Children with cleft palate or cleft lip often require corrective jaw surgery, also known as orthognathic surgery, as part of their overall treatment plan.
Orthognathic surgery, which involves repositioning the jaws, may be required later in life if the cleft lip causes significant jaw misalignment or functional issues that orthodontic treatment alone cannot address.
Jonathan Skirko, MD, a craniofacial plastic surgeon and pediatric otolaryngologist with Banner Children’s, walks us through why this surgery is necessary, how it can benefit your child and what you can expect before, during and after the surgery.
What is orthognathic surgery?
Children born with a cleft lip and palate may face challenges in their facial development.
“Some children with cleft lip and palate can have underdevelopment of the upper jaw (maxilla), causing the upper jaw to be smaller than the lower jaw (mandible),” Dr. Skirko said. “This can make the upper lip and nose look flatter and make the top teeth sit behind the bottom teeth causing an underbite.”
One of the ways to address these challenges is through corrective jaw surgery. “The surgery aims to improve bite alignment, facial balance and overall function for children affected by cleft lip and jaw-related concerns,” Dr. Skirko said.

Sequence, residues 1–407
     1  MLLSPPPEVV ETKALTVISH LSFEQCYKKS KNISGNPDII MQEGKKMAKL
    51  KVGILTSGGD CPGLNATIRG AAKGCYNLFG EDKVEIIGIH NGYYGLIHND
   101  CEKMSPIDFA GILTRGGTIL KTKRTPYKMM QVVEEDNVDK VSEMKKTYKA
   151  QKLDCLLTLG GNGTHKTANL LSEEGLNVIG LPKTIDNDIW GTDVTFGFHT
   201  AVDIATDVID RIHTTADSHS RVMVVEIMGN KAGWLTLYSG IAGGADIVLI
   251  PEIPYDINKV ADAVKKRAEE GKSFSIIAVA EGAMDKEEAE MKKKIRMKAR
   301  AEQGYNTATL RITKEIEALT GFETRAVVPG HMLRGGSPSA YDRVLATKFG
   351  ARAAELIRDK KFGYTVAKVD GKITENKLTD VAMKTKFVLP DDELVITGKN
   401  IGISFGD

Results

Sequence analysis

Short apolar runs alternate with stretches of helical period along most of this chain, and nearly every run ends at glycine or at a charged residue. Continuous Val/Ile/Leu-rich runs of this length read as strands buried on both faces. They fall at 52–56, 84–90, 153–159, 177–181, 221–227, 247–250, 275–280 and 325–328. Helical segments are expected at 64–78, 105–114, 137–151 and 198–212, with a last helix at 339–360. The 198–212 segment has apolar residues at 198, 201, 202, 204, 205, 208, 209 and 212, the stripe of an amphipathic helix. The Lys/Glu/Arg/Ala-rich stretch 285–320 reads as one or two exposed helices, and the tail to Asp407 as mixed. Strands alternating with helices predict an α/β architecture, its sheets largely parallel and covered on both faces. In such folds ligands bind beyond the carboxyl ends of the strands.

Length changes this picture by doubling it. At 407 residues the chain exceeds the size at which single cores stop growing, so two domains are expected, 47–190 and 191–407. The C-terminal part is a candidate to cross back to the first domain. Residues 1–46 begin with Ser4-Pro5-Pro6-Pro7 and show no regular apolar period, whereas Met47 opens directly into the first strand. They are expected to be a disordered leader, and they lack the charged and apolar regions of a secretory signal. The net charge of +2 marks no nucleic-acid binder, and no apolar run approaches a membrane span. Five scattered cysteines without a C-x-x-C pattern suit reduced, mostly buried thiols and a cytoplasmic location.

Benefits of orthognathic surgery
Corrective jaw surgery can bring about several significant benefits for your child:
- Improved facial symmetry: By aligning the jaws, the surgery can change the appearance of your child’s face, especially from the side. “Your child can experience a positive change in their appearance, boosting their self-confidence and overall well-being,” Dr. Skirko said.
- Better functionality: By repositioning the jaws, this type of surgery can enhance your child's ability to eat, chew and speak effectively. “By addressing the cleft through orthognathic surgery, speech patterns can be improved, leading to clearer and more understandable communication,” Dr. Skirko said. “This benefit can be life-changing, especially for children who may have faced challenges expressing themselves clearly.”
- Enhanced breathing: In some cases, corrective jaw surgery can also help improve breathing by creating a more open airway.
When is the right time for orthognathic surgery?
The decision to proceed with corrective jaw surgery requires careful planning and collaboration between you and various health care providers, including plastic surgeons, orthodontists, speech therapists and oral and maxillofacial surgeons.
This type of jaw surgery is typically performed once your child’s facial growth is nearly complete, around 16 to 18 years old.
The journey of orthognathic surgery
The process of corrective jaw surgery involves several steps:
Evaluation and planning
Before the surgery, your child’s health care team will work together to gather the information they need to plan the surgery. This may include dental impressions, X-rays and 3D imaging, which will help the team understand the extent of the jaw misalignment and develop a precise treatment plan.
Preparatory orthodontic treatment